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The number of doctors leaving Romania for better jobs abroad is continuing to rise, further undermining the already dilapidated public health system.
Around 1,605 Romanian doctors headed abroad in 2012 so far in search of more money and better careers, the Colegiul Medicilor, a professional organisation for doctors, said on Thursday.
That number, which represents around 4 per cent of the number of doctors in Romania, was established on the basis of certificates issued for good medical practice, which are required for working abroad, Vasile Astarastoaie, president of the organisation, said.
"Low salaries and poor conditions in which doctors work have prompted a considerable number to leave the country,” Astarastoaie noted.
In recent years, the number of doctors leaving Romania has been steadily increasing. Around 2,000 doctors sought to leave last year, while their number was some 1,500 in 2010.
The brain drain is particularly acute in the highest ranks. Most of those leaving were anesthesiologists and surgeons, followed by urologists, orthopedists and pediatricians. The favourite destination was Western Europe, usually France, Germany and the UK.
Romania now has a shortage of doctors. There are only around 1.95 per 1,000 people, compared to an EU average of 3.18.
The country has been struggling to reform its public health sector, which has fallen into growing problems as a result of years of underinvestment. Hospitals are understaffed and are short of specialists and modern equipment.
Low pay in the health sector and the government’s apparent unwillingness to carry out changes have encouraged the exodus of doctors and nurses.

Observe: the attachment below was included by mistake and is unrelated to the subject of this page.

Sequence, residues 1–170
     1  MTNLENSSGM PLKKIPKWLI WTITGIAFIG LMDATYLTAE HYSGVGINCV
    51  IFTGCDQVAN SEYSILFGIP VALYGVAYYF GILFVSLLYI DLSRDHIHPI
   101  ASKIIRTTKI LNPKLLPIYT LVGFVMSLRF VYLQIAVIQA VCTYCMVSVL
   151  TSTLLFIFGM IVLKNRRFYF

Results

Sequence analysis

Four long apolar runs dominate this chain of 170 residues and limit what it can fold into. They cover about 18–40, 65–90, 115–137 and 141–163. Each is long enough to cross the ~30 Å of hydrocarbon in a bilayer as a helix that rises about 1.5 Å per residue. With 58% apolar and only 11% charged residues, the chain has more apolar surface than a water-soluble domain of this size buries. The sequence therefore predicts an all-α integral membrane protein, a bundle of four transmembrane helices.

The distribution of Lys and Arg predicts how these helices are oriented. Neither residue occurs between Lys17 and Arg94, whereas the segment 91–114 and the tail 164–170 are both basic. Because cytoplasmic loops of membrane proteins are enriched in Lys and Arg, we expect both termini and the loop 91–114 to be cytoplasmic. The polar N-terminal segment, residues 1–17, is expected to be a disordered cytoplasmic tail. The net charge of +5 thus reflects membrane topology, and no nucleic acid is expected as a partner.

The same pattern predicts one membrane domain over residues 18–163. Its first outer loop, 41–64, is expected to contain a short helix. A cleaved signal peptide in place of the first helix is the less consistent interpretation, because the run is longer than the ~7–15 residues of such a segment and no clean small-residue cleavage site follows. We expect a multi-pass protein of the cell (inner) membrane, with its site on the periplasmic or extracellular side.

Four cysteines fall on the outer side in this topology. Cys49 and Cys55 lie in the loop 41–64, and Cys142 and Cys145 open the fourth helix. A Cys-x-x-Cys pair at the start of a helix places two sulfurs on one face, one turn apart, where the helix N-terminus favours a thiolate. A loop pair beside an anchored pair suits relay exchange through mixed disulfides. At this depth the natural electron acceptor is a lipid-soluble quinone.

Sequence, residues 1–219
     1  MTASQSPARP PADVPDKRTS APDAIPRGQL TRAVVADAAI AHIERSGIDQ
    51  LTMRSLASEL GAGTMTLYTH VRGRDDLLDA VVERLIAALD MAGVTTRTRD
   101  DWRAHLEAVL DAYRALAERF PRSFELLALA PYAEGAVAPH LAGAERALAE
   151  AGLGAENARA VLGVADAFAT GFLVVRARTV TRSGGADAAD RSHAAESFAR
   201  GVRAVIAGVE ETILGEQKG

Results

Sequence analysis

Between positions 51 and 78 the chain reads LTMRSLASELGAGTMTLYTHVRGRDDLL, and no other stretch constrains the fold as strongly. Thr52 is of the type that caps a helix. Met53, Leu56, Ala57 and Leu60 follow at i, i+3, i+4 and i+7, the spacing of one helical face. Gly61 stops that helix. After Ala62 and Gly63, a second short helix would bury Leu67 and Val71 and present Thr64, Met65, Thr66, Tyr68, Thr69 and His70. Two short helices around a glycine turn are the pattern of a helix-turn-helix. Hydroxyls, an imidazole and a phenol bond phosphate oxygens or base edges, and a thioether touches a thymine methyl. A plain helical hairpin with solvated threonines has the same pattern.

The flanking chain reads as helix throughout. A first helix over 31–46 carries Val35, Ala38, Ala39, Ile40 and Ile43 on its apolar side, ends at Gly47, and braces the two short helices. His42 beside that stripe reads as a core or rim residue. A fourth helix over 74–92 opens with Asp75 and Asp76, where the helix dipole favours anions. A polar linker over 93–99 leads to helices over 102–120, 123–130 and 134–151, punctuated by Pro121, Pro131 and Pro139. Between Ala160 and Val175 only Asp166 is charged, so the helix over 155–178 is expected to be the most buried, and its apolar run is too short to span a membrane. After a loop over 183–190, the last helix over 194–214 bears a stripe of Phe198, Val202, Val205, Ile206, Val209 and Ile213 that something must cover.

The average salary of a junior doctor in Romania is around €300 a month. A similarly qualified doctor working in Britain, for example, can expect to earn many times that figure.
Polls show that over 90 per cent of Romanians are unhappy with the services provided by the public health system.
Many blame problems in the system on inefficient management, while 42 per cent believe that insufficient financing is to blame.
On the other hand, most people do not welcome the government’s drive to privatise the healthcare system.
Romania spends less on healthcare as a percentage of the budget than any other country in the European Union. Last year, Bucharest spent only around 4.3 per cent of its GDP on healthcare, almost half the EU average.
By contrast, Britain spent only 6.9 per cent, and France spent 9.4 per cent of its GDP on health, followed closely by Norway and Canada, according to a recent OECD report.
Unsurprisingly, Romania's healthcare system is considered one of the worst in Europe. In 2010 it ranked last among 33 countries, according to the European Healthcare Consumer Index.
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